Christmas came early for many employers yesterday when, in a stunning turn of events, Judge Amos L. Mazzant III of the Eastern District of Texas issued a nationwide injunction halting the implementation of the Department of Labor’s Overtime Final Rule. This Overtime Final Rule would have doubled the requisite minimum salary threshold for employees to qualify as exempt from the FLSA’s overtime regulations and extended overtime eligibility to an estimated 4.2 million workers. But, in a blow to the Obama administration’s economic legacy, a federal judge in Texas granted a preliminary injunction Tuesday delaying the implementation of the Overtime Final Rule and indicating a likelihood that a ruling permanently striking down the regulations is on the forefront.

The Overtime Final Rule

On March 13, 2014, President Barack Obama signed a Presidential Memorandum directing the Department of Labor to “modernize and streamline the existing overtime regulations for executive, administrative, and professional employees,” opining that the regulations “had not kept up with our modern economy.” On May 23, 2016, after receiving nearly 300,000 comments on the proposed rule, the Department of Labor published its “Overtime Final Rule.”

Set to take effect December 1, 2016, the Overtime Final Rule doubled the minimum salary level threshold required to qualify for the FLSA’s white collar exemption from $455 per week ($23,660 annually) to $913 per week ($47,476 annually). The Final Rule also established an automatic updating mechanism that would adjust the minimum salary level every three years, with the first automatic increase to occur on January 1, 2020.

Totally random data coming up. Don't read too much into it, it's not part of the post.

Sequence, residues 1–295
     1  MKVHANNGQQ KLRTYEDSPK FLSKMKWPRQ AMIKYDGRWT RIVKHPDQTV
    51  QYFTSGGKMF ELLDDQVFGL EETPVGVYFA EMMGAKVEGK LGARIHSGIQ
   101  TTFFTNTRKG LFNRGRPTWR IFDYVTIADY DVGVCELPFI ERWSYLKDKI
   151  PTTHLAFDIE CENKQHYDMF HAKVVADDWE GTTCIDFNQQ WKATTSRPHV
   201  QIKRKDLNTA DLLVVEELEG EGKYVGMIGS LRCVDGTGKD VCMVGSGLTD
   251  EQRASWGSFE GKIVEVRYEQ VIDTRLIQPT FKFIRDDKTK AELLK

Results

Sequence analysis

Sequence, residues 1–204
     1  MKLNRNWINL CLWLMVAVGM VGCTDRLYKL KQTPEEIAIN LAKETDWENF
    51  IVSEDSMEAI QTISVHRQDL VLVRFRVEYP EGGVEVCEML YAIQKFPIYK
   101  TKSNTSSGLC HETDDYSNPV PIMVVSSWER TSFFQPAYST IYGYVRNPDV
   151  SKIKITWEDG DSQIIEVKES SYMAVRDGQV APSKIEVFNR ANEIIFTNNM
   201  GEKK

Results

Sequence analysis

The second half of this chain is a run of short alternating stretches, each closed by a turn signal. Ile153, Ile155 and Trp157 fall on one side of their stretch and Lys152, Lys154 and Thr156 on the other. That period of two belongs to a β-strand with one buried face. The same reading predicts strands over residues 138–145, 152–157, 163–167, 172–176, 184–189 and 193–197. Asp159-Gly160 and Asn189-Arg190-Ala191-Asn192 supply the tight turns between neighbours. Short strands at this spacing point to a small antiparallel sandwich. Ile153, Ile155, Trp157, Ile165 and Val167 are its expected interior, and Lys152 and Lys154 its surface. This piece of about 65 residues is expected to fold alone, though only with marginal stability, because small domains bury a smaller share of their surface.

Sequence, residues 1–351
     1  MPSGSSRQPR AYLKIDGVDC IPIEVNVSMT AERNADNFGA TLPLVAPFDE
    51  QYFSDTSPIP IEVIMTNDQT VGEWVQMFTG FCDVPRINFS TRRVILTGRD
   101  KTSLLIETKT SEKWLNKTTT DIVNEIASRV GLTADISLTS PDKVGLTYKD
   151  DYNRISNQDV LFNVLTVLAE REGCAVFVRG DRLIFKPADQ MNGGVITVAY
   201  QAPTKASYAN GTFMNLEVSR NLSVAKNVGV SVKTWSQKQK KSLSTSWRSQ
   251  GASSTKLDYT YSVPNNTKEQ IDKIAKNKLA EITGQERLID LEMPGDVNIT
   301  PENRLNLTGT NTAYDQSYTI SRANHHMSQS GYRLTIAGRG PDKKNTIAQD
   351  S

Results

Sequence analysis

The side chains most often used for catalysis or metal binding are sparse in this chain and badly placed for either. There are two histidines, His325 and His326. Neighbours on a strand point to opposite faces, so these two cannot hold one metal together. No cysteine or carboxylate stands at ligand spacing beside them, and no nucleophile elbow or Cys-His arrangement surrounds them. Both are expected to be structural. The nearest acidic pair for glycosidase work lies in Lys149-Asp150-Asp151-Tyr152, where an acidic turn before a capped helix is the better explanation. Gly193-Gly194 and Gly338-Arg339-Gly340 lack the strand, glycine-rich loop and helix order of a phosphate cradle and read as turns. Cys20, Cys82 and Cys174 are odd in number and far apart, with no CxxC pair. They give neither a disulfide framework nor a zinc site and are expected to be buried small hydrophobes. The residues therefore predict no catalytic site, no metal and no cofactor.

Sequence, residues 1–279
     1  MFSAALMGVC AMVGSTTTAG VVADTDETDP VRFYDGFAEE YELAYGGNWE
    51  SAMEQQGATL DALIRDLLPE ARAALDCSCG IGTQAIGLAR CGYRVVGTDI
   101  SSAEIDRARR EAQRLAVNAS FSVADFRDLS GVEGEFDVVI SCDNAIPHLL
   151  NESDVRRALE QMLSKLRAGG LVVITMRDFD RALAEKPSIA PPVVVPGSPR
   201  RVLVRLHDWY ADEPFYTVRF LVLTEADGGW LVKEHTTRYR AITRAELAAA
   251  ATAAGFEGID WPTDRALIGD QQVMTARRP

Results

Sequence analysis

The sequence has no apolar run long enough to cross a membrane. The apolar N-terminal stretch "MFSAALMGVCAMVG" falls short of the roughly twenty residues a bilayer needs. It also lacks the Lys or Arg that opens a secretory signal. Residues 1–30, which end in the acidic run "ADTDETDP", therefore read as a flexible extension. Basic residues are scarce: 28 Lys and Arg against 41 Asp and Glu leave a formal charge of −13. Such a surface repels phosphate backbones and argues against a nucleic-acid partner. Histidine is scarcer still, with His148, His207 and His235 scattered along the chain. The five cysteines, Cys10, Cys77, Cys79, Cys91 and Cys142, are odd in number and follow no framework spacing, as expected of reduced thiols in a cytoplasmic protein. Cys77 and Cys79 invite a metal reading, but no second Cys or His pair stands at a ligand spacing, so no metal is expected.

Twenty One States and More Than 50 Business Groups Challenged the Final Rule and Moved for Preliminary Injunctive Relief.

In September, a group of 21 states, led by Texas and Nevada, filed a lawsuit in the United States District Court for the Eastern District of Texas challenging the Overtime Final Rule, arguing that the Department of Labor did not have the authority to require that employers offer overtime to workers who earn below a certain amount. That suit was then consolidated with another suit brought by the U.S. Chamber of Commerce and more than 50 other national and Texas business groups also challenging the Overtime Final Rule.

On October 12, 2016, the State Plaintiffs filed an Emergency Motion for Preliminary Injunction and Request for Oral Argument and Expedited Consideration. The Plaintiffs argued that the DOL’s rule would force many state and local governments, as well as private businesses, to increase their employment costs substantially. The Plaintiffs also took issue with the policy behind the rule change, arguing that the imposition of a salary threshold disregards the text of the FLSA that predicates an employee’s exempt status on whether the employee is actually performing bona fide executive, administrative or professional duties, instead of on the salary the employee is paid.